At first glance, the cloud seems more valuable today than ever--especially for remote workers. As companies large and small rethink the nature of work in the wake of the coronavirus pandemic, the cloud is being hailed as a critical asset for organizations that want to give remote employees the flexibility to access enterprise IT resources from any location. To an extent, the cloud does offer these benefits. However, it is not a silver bullet. Several drawbacks limit the cloud’s ability to support the seamless work-from-anywhere scenarios that many employers are now prioritizing.
The Cloud's Benefits for Remote Workers
As cloud solution vendors have been eager to point out during the pandemic, the cloud offers some key advantages to companies that want to support remote workers.
The most obvious is that the cloud enables data and applications to be accessed from anywhere with an Internet connection. If your line-of-business apps are hosted on a SaaS platform, and your corporate file share can be accessed from the public internet, no one needs to be in the office to use these basic IT resources.
Solutions like cloud-based desktop-as-a-service offerings are attractive, too, as a means of making employees’ workstations accessible from any location. So are hosted collaboration and productivity platforms--like Microsoft Teams, G Suite and Microsoft 365--which make it easy for employees to collaborate without being dependent on software that they can access only in a local office.
The Cloud’s Drawbacks for Remote Workers
It’s certainly true that the cloud can solve some of the pain points of supporting remote workers. But to suggest that building a remote workforce is as simple as migrating every IT resource to the cloud would be an overstatement.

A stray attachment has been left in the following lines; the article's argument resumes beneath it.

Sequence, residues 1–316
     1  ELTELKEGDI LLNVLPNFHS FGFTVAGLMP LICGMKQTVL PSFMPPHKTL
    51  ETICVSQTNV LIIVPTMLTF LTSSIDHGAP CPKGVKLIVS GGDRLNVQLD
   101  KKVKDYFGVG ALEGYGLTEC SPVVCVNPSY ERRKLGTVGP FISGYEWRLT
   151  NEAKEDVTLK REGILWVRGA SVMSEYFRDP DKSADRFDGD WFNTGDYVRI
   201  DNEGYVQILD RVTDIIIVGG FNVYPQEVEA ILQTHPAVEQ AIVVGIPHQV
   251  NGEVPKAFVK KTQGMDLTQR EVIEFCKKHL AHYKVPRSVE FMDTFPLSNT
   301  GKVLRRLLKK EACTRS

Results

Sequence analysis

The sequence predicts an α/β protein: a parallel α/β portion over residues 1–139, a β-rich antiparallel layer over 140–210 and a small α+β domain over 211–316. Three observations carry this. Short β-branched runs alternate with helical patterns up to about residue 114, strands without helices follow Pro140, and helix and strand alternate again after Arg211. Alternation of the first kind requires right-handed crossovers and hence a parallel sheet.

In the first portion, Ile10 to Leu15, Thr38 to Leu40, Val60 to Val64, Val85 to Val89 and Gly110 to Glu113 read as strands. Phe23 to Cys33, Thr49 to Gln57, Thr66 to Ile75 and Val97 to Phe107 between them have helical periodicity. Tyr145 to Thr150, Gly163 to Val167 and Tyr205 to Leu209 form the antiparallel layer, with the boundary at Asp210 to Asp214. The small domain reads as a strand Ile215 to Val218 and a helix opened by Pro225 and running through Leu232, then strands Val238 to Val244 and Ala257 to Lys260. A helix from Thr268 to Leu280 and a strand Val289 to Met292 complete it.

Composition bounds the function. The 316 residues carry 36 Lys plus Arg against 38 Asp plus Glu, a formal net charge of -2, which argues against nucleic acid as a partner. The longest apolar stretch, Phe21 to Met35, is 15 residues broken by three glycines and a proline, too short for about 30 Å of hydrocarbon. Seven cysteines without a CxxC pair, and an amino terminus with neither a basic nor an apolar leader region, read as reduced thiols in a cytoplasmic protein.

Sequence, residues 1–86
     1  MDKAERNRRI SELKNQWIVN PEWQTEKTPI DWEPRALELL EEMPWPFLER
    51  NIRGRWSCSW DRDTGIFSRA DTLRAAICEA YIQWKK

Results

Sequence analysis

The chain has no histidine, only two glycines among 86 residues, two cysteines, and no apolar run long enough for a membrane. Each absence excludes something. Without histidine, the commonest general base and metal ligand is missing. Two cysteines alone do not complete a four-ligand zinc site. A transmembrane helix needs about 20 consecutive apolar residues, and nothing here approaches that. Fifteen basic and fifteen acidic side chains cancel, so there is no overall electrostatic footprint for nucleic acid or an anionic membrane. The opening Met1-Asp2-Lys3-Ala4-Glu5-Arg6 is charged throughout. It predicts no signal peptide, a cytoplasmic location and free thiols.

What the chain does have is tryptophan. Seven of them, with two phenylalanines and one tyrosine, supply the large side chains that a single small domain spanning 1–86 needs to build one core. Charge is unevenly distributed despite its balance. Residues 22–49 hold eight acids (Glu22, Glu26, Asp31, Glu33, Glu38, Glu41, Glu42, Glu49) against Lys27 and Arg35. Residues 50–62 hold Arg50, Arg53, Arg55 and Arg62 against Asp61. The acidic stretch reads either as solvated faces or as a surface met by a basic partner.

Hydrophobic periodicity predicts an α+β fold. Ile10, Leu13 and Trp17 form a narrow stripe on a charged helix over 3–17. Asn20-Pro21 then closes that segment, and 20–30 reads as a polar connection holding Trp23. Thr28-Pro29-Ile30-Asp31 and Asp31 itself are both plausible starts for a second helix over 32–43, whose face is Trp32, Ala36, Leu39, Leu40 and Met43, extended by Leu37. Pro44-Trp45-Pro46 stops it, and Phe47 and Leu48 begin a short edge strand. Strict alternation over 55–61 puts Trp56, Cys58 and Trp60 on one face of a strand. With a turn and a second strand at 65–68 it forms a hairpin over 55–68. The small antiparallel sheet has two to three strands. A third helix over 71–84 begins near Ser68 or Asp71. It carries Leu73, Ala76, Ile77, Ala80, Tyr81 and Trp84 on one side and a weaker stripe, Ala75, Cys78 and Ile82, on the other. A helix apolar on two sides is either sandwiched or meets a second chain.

There are some critical limitations that make the cloud a poor solution for every type of remote-work need.
1. Bandwidth limitations
To be sure, most cloud-based resources that employees typically access don’t require a high-performance network connection. But, in certain cases, a lack of bandwidth could disrupt productivity. For example, if you need to upload and download very large files from a company server, having to do so could take quite a long time if the server is hosted in the cloud and must be accessed via the public Internet. In contrast, a local server that is in the same office as a worker will generally deliver a much faster network experience.
Another example most of us are all too familiar with at this point is video conferencing. In theory, being able to use cloud-based conferencing platforms to hold virtual meetings regardless of where individual employees are located is great. In practice, the connections are often spotty, which is one reason why virtual meetings are so taxing.
This would be much less likely to pose an issue if all meeting participants were on the same local network or--quaint as it may now sound--located in the same room, holding a non-virtual meeting.
2. Tool bloat and complexity
In a traditional office, employees don’t need special tools to access corporate applications or data. They log into their workstations and get to work. Because everything they need is on their local network, they don’t have to worry about running additional tools to get access.